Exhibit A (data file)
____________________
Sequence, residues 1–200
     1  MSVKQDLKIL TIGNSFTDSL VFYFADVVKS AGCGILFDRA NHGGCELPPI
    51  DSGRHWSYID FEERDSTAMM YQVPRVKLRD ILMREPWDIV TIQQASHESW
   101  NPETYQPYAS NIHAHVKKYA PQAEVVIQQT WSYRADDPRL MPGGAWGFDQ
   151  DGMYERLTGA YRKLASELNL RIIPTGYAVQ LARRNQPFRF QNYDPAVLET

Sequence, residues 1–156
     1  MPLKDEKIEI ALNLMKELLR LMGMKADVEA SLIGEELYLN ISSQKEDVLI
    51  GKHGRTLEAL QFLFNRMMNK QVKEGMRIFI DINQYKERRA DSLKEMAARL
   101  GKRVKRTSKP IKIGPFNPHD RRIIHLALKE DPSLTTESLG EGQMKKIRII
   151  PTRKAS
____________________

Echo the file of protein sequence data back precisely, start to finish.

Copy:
Sequence, residues 1–200
     1  MSVKQDLKIL TIGNSFTDSL VFYFADVVKS AGCGILFDRA NHGGCELPPI
    51  DSGRHWSYID FEERDSTAMM YQVPRVKLRD ILMREPWDIV TIQQASHESW
   101  NPETYQPYAS NIHAHVKKYA PQAEVVIQQT WSYRADDPRL MPGGAWGFDQ
   151  DGMYERLTGA YRKLASELNL RIIPTGYAVQ LARRNQPFRF QNYDPAVLET

Sequence, residues 1–156
     1  MPLKDEKIEI ALNLMKELLR LMGMKADVEA SLIGEELYLN ISSQKEDVLI
    51  GKHGRTLEAL QFLFNRMMNK QVKEGMRIFI DINQYKERRA DSLKEMAARL
   101  GKRVKRTSKP IKIGPFNPHD RRIIHLALKE DPSLTTESLG EGQMKKIRII
   151  PTRKAS